Radio Boost/Range Extender?

Hey CD Forum!

I have a question about the FIRST radios supplied in out kit. Our team wants to be able to control our robot [on the off season, not at competitions] from a far greater distance than we currently can with our radio connection.

In this scenario, limitless tether cables won’t do the job. So, I was wondering if anyone had found – or could find – a rather simple modification of the the FIRST supplied radios to extend its range.

We want to be able to control the robot on a playing field from the top of the bleachers.

Our team also has some of the older radios to work with, so the answer doesn’t need to specifically deal with the revised radios.

Thanks for all of you help and comments!

How far of a range do you want? The FRC radios have a pretty decent range for normal use. What kind of application are you thinking of?

I’m not trying to discourage you, but I can’t think of anything offhand. I’m also curious as to why the extension is needed.

We want to be able to control the robot on a playing field from the top of the bleachers.

Last fall my dad and I built a bot for Holloween and had it driving down my sidewalk a good 200-300 FT. I believe that is way more than bleachers to field.

-Mike AA

Have you tried this range. Not knowing how large your gym is, but if it’s a typical gym, you shouldn’t have a range problem at that distance.

Now, if you’re talking a stadium…

If you don’t have any kind of tether running from where you are to field-side (i.e. to allow the regular radios to be closer together), then you need to create some kind of wireless relay system.

I think we’d like to hear back as to weather you simply tried it first. Then we can work from there.


On a similar note, our team 2158 has experienced a drastic reduction in radio range recently for one of the new radios. We were doing a demo in a parking lot and we only had about 30-40 feet of effective distance. That’s bad, seeing as we have a 13-foot forklift. We can’t really have our signal cut out at full speed.

On our OI board, we have the radio box screwed down underneath the OI controller (on standoffs), and the antenna sticks out from the side. Any problem there?

XBee Radios have an effective range of about 300 feet outdoor, and about 150 feet indoor, its just a RS232 connection so you could probably just hook them up and you’d be running, just like the FRC radio’s. You’d have to set up the network but its not too hard.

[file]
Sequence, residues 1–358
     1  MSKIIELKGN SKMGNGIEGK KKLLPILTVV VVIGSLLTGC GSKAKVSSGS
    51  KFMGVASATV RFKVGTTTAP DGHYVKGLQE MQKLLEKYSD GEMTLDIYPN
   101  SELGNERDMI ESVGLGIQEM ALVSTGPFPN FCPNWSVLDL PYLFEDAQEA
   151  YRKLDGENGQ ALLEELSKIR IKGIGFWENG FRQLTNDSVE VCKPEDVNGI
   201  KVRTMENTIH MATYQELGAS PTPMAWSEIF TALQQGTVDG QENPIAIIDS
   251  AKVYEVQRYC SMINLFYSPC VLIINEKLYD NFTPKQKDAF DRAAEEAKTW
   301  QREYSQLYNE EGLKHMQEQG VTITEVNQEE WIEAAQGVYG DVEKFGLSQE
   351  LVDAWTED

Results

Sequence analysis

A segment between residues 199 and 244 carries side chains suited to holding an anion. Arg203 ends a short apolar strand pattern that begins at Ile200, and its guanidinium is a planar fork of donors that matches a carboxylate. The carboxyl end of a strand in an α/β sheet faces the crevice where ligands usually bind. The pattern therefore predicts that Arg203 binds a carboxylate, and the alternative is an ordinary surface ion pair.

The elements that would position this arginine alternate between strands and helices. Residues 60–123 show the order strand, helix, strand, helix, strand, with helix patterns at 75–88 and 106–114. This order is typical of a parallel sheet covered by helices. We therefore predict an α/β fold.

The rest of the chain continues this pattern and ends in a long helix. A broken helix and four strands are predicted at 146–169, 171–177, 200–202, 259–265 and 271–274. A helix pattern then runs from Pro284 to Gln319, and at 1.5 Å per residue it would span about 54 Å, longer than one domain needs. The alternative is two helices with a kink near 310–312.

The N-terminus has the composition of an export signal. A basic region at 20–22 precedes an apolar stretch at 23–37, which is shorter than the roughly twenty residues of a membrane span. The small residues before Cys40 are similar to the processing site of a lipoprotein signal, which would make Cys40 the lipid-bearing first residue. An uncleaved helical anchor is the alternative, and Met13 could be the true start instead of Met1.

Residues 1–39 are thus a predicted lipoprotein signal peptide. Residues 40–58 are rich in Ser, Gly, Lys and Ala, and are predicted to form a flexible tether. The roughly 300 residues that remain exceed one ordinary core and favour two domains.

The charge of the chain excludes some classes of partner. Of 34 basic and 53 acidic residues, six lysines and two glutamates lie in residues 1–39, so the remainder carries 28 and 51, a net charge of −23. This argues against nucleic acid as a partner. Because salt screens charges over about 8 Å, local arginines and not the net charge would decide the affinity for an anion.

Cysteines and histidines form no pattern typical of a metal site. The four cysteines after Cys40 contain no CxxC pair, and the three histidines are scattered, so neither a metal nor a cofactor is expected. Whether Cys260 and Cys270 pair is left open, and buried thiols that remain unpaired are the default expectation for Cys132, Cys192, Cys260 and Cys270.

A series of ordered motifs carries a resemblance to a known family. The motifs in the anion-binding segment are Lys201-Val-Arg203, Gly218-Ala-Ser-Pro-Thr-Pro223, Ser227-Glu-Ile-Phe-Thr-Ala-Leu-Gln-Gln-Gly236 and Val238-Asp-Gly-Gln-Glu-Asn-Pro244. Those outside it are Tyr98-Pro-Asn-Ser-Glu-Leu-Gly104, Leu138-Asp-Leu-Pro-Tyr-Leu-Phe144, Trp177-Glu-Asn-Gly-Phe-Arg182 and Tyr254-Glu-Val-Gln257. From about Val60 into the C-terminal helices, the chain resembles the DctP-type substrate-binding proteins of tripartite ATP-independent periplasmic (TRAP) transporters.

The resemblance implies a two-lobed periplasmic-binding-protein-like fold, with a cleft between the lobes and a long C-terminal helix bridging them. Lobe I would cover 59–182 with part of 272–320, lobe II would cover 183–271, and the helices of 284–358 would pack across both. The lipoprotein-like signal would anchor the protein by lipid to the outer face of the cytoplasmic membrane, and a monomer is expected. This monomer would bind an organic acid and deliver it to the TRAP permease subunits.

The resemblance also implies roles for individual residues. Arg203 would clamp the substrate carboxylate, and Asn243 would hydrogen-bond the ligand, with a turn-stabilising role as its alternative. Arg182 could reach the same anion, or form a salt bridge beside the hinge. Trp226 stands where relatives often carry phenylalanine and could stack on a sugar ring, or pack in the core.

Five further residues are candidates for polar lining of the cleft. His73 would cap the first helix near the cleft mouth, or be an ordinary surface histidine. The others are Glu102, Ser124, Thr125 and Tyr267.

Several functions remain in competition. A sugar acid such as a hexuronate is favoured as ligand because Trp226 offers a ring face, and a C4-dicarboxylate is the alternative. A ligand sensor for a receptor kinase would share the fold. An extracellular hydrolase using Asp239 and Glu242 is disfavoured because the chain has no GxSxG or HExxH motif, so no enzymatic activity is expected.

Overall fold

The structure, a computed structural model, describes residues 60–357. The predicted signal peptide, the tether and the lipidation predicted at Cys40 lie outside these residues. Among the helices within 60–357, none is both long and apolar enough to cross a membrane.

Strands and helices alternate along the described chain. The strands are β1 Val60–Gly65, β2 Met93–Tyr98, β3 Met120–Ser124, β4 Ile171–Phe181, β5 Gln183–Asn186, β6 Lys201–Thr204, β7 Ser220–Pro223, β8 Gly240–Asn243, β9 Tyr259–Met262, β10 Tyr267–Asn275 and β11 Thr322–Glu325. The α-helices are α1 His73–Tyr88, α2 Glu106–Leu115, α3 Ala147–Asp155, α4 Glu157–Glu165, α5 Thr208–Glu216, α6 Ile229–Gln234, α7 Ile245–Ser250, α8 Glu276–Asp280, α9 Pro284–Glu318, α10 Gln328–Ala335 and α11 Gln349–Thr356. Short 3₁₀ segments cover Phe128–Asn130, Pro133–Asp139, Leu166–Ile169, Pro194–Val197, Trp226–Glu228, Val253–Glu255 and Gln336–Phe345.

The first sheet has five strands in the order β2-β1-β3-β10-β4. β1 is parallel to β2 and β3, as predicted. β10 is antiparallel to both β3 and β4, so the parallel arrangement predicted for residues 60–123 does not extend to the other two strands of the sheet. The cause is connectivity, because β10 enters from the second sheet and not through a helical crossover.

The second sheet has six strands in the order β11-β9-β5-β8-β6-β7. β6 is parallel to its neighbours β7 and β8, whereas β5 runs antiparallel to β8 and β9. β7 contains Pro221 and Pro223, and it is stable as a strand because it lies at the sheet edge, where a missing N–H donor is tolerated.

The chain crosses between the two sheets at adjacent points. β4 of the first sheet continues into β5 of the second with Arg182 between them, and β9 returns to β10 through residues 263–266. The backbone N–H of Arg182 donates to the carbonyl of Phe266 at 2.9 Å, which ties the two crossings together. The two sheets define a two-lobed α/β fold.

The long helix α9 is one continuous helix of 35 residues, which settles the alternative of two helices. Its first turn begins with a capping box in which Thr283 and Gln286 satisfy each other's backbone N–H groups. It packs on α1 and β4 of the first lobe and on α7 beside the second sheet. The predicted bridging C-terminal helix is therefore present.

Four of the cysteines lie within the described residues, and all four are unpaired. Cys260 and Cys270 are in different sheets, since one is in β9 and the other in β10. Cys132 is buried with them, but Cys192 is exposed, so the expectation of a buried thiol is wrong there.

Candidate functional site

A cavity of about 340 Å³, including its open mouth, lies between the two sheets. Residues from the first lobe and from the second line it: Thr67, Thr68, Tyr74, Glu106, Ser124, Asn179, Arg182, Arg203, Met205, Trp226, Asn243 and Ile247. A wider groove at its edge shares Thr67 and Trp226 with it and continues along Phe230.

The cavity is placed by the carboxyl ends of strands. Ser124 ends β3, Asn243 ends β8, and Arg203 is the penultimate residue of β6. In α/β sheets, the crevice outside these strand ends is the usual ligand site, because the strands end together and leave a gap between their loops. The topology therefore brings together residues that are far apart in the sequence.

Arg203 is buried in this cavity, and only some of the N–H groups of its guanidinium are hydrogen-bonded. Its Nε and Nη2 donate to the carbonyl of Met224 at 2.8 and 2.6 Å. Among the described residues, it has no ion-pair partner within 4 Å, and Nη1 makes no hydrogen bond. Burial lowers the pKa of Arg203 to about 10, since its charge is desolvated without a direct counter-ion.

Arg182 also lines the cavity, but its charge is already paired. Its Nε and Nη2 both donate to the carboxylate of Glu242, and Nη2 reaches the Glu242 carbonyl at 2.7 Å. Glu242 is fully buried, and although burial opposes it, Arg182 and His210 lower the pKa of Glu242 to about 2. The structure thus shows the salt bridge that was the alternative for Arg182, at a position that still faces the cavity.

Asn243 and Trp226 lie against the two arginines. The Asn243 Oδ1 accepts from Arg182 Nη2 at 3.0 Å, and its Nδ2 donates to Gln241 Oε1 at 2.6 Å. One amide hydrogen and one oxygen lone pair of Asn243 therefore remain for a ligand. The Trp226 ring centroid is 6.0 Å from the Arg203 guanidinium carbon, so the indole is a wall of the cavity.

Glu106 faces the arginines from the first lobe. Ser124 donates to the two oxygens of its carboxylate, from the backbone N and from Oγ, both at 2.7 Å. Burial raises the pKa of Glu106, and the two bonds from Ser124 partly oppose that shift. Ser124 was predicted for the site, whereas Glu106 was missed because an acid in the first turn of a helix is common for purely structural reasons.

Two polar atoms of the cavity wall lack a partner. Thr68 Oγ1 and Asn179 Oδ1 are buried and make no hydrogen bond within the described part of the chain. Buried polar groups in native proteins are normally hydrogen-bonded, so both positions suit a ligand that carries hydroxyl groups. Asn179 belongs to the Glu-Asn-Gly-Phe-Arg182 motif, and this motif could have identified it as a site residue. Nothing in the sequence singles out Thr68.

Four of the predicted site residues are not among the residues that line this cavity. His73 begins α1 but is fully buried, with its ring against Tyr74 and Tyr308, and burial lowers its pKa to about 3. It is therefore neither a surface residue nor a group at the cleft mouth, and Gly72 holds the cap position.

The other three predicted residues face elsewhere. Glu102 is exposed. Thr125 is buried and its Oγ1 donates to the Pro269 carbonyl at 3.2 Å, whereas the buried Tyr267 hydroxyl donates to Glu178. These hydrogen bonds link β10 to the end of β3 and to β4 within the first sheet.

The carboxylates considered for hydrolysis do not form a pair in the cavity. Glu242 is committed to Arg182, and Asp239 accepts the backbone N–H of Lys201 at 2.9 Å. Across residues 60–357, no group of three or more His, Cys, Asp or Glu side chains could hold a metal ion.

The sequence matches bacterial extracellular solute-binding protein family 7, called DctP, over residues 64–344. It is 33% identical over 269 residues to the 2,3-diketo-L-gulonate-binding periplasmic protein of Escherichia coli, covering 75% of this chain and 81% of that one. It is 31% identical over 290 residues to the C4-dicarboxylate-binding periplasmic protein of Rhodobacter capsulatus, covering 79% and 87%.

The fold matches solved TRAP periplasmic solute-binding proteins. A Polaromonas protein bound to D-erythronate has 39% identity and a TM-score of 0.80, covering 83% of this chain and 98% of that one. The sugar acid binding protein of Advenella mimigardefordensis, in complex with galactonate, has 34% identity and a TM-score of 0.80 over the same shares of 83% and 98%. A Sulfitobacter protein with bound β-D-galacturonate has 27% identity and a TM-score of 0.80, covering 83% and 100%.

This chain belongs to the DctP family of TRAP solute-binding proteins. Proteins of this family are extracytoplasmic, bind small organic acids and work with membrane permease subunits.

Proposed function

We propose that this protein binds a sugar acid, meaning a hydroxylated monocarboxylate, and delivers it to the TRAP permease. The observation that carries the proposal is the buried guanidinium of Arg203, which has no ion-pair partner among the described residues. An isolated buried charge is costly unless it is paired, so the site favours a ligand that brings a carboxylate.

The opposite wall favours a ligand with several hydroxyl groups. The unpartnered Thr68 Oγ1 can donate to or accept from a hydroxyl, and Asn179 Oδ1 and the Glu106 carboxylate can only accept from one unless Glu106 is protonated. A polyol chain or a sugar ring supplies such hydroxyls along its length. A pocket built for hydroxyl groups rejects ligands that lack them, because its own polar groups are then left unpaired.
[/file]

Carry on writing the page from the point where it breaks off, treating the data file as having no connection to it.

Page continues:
Yes, there is a problem.

These radios have two antennaes. The external one, and the internal one. In addition, these are standard dipole antennaes. That means that the shape of their “field” is like a donut, with the antennae sticking through the hole of the donut.

Putting the radio on it’s side means that at times, one or both of the antennaes will be pointing AT the operator interface antennae. Contrary to what may be intuitive, this is the absolute worst orientation to have the antennae. Both the antennaes and the robot antennae “box” should be vertical for best reception.

You might be able to build a directional Yagi type antenna to use on your controller. Boosting the signal (adding watts) could be a violation of FCC laws and you would need to add filters to reduce harmonics also. The contollers should work fine for line of sight over a distance of 300". Look up some of the ham sights on how to add a “director” and “reflector” elements too the controller antenna. If done right you should be able to more than double your range.

The kit radios are FCC certified as a radio and antena modual. It’s against FCC regs to modify the antena, But who is going to catch you.

It has been spotlighted that someone (I forget who) said “Stop it with the “Break the rules, just don’t let anyone know” already!” (approximate quote)

Don’t modify the antenna if it’s against the regulations. I don’t care if you will/won’t get caught. Professionalism forbids it (let alone Gracious Professionalism).